Friday 5 June 2009

Change we can believe in?

It is easy to dismiss Obama's speech, and rightly. Noam Chomsky points to the substantive trap the US president finds himself in:

A CNN headline, reporting Obama's plans for his June 4 Cairo address, reads 'Obama looks to reach the soul of the Muslim world.' Perhaps that captures his intent, but more significant is the content hidden in the rhetorical stance, or more accurately, omitted.

Keeping just to Israel-Palestine — there was nothing substantive about anything else — Obama called on Arabs and Israelis not to 'point fingers' at each other or to 'see this conflict only from one side or the other.'

There is, however, a third side, that of the United States, which has played a decisive role in sustaining the current conflict. Obama gave no indication that its role should change or even be considered.

Those familiar with the history will rationally conclude, then, that Obama will continue in the path of unilateral US rejectionism.


But there is an edge, especially his criticism of Israel. Haaretz points to the problems Obama has with the new Israeli government:

During long, personal conversations with his inner circle over the past week, Prime Minister Benjamin Netanyahu admitted that he had no idea what US President Barack Obama would say in his speech in Cairo. "We have no information," he said. He does now.

Netanyahu now understands what he already knew before the speech: The moment of political reckoning that he so feared is now rapidly approaching.

The thunder he hears in the distance is the sound of the Likud legions and the West Bank settler hordes rolling down the mountains. The light on the horizon is not that of a new day, but of a train coming right at him — a night train from Cairo.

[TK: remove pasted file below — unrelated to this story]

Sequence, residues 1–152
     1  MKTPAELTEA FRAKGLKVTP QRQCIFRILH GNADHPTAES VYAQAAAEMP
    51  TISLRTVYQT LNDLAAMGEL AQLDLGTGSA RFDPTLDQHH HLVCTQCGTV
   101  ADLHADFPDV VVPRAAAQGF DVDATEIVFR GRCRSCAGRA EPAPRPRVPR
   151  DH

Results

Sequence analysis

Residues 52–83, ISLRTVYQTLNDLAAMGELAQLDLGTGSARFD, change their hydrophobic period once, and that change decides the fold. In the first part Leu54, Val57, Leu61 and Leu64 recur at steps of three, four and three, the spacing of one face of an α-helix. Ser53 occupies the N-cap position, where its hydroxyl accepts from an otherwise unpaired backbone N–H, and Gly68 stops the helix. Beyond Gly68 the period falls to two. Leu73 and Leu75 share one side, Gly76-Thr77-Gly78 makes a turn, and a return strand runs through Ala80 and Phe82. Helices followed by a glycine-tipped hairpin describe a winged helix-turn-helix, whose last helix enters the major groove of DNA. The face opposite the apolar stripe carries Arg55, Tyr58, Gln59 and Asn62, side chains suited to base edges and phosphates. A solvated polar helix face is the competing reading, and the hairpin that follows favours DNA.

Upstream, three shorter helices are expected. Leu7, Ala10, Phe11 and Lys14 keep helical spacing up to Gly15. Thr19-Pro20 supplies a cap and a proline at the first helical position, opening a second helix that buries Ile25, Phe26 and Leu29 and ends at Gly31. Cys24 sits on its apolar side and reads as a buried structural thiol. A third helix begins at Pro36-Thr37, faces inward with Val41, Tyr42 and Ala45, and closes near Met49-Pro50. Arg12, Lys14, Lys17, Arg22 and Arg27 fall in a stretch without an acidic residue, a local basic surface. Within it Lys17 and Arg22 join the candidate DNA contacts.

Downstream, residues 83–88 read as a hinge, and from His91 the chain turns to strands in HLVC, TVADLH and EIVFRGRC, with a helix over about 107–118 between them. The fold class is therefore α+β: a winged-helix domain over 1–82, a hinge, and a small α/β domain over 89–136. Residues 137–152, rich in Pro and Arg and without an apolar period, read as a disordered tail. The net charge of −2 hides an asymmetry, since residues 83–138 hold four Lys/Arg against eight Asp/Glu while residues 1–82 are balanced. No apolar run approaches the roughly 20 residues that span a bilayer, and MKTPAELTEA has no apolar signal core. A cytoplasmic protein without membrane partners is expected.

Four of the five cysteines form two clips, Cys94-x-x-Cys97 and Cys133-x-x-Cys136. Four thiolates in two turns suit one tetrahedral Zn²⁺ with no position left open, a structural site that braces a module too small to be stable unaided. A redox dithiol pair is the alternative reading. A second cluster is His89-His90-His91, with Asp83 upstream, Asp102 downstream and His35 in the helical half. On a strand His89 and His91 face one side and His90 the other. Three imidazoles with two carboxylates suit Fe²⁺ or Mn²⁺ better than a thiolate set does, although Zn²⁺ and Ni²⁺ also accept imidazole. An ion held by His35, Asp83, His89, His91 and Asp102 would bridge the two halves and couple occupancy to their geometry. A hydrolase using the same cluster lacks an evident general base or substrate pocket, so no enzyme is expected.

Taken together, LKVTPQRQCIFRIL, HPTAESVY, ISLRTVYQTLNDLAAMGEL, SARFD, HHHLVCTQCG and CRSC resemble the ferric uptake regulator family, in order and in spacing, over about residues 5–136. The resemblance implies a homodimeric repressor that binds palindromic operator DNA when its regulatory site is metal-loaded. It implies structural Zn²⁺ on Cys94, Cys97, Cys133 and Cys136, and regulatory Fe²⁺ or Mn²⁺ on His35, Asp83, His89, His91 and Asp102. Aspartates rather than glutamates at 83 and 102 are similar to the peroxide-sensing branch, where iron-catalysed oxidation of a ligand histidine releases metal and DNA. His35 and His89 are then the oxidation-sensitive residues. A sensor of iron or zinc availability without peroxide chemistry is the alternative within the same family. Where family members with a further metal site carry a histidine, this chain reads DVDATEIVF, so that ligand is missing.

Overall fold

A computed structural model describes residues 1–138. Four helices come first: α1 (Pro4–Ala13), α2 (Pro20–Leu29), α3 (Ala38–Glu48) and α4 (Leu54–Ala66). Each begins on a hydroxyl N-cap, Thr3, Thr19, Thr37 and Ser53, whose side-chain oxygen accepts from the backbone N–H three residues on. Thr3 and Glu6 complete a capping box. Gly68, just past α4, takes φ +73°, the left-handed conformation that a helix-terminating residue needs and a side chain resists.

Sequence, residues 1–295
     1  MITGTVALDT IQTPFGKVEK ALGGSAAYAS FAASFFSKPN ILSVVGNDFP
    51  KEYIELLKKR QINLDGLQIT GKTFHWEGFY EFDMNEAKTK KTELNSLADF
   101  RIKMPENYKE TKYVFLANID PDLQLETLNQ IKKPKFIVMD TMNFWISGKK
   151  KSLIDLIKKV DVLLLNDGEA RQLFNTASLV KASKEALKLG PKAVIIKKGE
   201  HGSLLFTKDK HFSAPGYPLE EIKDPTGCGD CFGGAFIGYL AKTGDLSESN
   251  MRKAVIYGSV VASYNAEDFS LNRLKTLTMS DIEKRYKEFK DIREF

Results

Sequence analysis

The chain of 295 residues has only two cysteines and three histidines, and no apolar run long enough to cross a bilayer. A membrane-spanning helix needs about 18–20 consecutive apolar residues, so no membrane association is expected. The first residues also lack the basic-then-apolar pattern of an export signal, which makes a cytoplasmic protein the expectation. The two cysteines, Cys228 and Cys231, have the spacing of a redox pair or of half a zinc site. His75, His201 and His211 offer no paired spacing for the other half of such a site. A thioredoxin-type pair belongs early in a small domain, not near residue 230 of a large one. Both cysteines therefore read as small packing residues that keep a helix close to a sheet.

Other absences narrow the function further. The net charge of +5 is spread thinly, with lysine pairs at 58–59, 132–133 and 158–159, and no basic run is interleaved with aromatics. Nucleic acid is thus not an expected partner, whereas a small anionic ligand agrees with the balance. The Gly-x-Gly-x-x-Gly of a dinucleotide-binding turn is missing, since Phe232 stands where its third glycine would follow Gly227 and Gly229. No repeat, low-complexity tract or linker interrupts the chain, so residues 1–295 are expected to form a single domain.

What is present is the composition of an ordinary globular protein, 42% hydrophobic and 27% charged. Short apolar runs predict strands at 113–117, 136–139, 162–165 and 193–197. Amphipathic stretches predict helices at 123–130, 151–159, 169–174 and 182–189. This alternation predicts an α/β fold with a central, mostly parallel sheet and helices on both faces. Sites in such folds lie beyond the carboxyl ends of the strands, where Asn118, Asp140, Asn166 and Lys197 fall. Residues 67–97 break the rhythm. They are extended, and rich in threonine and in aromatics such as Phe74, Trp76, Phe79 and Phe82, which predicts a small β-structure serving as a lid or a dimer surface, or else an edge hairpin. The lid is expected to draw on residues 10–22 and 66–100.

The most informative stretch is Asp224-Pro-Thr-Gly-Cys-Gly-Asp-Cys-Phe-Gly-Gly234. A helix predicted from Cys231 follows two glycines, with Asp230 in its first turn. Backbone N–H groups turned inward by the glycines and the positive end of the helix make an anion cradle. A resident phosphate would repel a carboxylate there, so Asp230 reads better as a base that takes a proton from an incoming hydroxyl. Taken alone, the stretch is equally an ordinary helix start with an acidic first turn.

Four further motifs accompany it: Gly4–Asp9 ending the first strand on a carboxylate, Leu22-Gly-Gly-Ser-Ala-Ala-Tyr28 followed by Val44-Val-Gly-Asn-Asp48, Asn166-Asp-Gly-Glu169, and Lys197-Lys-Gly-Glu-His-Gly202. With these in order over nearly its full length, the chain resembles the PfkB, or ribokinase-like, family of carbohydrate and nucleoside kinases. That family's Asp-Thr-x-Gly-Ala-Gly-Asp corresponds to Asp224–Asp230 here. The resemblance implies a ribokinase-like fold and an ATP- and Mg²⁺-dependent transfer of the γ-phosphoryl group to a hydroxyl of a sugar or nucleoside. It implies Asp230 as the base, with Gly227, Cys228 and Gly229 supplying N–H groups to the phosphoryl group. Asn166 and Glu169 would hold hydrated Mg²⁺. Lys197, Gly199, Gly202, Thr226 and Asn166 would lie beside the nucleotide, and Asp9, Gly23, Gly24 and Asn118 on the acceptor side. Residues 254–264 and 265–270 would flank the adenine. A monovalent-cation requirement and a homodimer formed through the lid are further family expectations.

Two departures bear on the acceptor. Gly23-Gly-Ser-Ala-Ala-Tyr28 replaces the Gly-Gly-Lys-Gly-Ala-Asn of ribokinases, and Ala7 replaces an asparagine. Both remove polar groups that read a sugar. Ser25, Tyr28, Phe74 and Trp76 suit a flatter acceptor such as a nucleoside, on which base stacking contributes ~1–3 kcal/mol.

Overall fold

Netanyahu will have to decide over the coming weeks whom he would rather pick a fight with: the powerful US administration, whose president sees himself in an almost messianic role, or his own coalition and members of his party.


In these circumstances it is easy to dismiss Obama's words as rhetoric, and we know that he faces deep problems reconciling the tensions inside US imperialism with its Arab allies. But tension there is, caused by popular anger over Palestine and hatred of the Arab regimes.

But Obama is not Bush Lite... it is deeper than that. The US hoped that its invasion of Iraq would project its power, instead it has laid bare its weakness.

If you turn the prism you can see the light refracted in a different way. Here is a black man trotting the globe apologising for what the white men did. This is significant, because it will be the Israelis who will ensure that he fails.


For the record here is Omaba's speech.

Note the reference to the struggle against slavery... he is saying that the Palestinians are like the slaves in the US. Anyone familiar with this history will understand that those who helped the slaves are heroes.

Here is the Bush "axis" speech.

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